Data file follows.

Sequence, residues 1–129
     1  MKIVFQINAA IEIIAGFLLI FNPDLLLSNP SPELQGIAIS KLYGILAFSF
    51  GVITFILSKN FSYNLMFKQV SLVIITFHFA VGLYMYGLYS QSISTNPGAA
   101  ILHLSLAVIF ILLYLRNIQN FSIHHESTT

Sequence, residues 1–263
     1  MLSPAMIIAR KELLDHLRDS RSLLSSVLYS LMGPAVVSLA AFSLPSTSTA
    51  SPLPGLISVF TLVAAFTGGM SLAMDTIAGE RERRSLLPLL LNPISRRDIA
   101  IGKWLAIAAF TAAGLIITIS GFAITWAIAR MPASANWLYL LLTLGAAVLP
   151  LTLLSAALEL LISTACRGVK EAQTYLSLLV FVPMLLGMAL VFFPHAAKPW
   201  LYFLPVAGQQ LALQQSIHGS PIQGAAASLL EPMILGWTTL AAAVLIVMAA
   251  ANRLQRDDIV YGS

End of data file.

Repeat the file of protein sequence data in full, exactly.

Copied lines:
Sequence, residues 1–129
     1  MKIVFQINAA IEIIAGFLLI FNPDLLLSNP SPELQGIAIS KLYGILAFSF
    51  GVITFILSKN FSYNLMFKQV SLVIITFHFA VGLYMYGLYS QSISTNPGAA
   101  ILHLSLAVIF ILLYLRNIQN FSIHHESTT

Sequence, residues 1–263
     1  MLSPAMIIAR KELLDHLRDS RSLLSSVLYS LMGPAVVSLA AFSLPSTSTA
    51  SPLPGLISVF TLVAAFTGGM SLAMDTIAGE RERRSLLPLL LNPISRRDIA
   101  IGKWLAIAAF TAAGLIITIS GFAITWAIAR MPASANWLYL LLTLGAAVLP
   151  LTLLSAALEL LISTACRGVK EAQTYLSLLV FVPMLLGMAL VFFPHAAKPW
   201  LYFLPVAGQQ LALQQSIHGS PIQGAAASLL EPMILGWTTL AAAVLIVMAA
   251  ANRLQRDDIV YGS